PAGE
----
Work metabolism (WM) can be accurately estimated by oxygen consumption (VO2), which is commonly assessed by heart rate (HR) in field studies. However, the VO2–HR relationship is influenced by individual capacity and activity characteristics. The purpose of this study was to evaluate three models for estimating WM compared with indirect calorimetry, during simulated work activities. The techniques were: the HR-Flex model; HR branched model, combining HR with hip-worn accelerometers (ACC); and HR + arm-leg ACC model, combining HR with wrist- and thigh-worn ACC. Twelve participants performed five simulated work activities and three submaximal tests. The HR + arm-leg ACC model had the overall best performance with limits of agreement (LoA) of −3.94 and 2.00 mL/min/kg, while the HR-Flex model had −5.01 and 5.36 mL/min/kg and the branched model, −6.71 and 1.52 mL/min/kg. In conclusion, the HR + arm-leg ACC model should, when feasible, be preferred in wearable systems for WM estimation.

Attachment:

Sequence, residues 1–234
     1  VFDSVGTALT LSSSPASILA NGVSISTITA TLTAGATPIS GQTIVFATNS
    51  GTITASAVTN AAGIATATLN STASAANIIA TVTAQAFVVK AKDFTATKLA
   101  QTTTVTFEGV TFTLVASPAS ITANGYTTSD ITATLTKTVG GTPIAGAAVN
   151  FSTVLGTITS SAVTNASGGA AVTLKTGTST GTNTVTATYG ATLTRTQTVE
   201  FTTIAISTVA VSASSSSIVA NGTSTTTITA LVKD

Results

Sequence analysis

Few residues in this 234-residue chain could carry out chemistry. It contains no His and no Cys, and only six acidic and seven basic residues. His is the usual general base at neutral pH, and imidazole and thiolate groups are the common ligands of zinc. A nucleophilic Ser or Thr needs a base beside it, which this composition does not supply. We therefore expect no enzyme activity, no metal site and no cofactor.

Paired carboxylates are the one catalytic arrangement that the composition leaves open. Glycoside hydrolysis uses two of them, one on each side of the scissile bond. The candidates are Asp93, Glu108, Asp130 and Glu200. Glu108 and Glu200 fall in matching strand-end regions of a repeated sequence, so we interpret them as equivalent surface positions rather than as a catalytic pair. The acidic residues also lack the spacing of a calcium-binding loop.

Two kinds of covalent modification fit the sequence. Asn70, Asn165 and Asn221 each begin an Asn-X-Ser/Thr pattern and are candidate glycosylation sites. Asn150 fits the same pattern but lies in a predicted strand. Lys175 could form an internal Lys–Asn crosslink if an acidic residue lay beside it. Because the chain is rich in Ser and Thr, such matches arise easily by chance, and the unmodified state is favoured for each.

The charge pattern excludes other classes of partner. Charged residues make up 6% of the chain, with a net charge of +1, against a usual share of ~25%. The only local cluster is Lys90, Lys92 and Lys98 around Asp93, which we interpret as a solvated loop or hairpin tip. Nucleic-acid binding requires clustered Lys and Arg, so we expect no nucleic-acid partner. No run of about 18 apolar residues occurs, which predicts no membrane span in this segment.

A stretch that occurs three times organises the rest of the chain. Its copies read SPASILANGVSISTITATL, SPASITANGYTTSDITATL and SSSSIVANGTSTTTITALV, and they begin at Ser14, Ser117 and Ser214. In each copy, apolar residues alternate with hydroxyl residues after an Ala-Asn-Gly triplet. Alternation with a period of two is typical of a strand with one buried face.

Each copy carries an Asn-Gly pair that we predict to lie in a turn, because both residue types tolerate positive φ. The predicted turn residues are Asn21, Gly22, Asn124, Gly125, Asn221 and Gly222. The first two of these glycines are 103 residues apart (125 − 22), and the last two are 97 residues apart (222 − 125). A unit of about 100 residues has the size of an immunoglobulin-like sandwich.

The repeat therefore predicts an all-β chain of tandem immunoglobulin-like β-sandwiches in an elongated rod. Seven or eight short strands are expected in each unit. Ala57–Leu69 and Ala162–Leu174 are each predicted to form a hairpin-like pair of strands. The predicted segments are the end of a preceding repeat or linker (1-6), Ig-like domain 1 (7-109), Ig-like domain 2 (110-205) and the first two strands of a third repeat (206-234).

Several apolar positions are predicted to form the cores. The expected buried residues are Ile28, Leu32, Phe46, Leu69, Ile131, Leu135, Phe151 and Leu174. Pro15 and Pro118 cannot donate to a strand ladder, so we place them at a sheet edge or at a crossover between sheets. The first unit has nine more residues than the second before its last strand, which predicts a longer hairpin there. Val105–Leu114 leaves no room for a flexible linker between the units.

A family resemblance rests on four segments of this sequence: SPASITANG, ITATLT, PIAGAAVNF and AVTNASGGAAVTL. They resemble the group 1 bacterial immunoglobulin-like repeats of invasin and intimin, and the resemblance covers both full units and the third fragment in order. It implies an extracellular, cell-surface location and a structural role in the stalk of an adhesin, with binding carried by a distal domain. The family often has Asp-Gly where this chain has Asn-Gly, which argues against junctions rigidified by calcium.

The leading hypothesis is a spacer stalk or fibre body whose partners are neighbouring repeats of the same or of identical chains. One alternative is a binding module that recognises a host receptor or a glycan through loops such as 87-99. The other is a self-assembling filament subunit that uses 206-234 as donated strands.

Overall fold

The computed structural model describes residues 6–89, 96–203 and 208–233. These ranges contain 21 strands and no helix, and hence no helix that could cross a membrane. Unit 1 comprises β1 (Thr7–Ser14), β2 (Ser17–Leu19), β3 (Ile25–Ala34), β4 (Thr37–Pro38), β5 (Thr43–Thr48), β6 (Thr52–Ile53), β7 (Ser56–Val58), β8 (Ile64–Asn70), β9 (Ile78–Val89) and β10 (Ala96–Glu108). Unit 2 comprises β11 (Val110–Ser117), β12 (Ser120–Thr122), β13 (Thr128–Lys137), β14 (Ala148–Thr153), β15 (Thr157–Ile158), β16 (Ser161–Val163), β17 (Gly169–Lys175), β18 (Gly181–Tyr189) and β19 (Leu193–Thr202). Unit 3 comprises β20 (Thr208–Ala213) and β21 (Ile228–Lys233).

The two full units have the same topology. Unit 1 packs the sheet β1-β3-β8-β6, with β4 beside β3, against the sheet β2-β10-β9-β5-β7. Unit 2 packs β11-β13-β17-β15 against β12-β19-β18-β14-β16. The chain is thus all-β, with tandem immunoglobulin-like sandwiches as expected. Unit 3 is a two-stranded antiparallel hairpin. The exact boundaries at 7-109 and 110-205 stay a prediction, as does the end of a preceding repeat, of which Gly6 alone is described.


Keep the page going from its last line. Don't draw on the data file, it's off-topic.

Keywords
Heart rate; work metabolism; motion sensing; wearable sensors; risk assessment; estimation models
National Category
Medical Engineering
Identifiers
urn:nbn:se:kth:diva-239148 (URN)10.1080/00140139.2019.1566579 (DOI)000468779800007 ()2-s2.0-85062366366 (Scopus ID)
Funder
AFA Insurance, 150039
Note

QC 20190218

Available from: 2018-11-16 Created: 2018-11-16 Last updated: 2019-06-11Bibliographically approved
Grooten, W. J., Hansson, A., Forsman, M., Kjellberg, K., Toomingas, A., Mueller, M., . . . Ang, B. O. (2019). Non-participation in initial and repeated health risk appraisals - a drop-out analysis based on a health project. BMC Health Services Research, 19, Article ID 130.
Open this publication in new window or tab >>Non-participation in initial and repeated health risk appraisals - a drop-out analysis based on a health project
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2019 (English)In: BMC Health Services Research, ISSN 1472-6963, E-ISSN 1472-6963, Vol. 19, article id 130Article in journal (Refereed) Published
Abstract [en]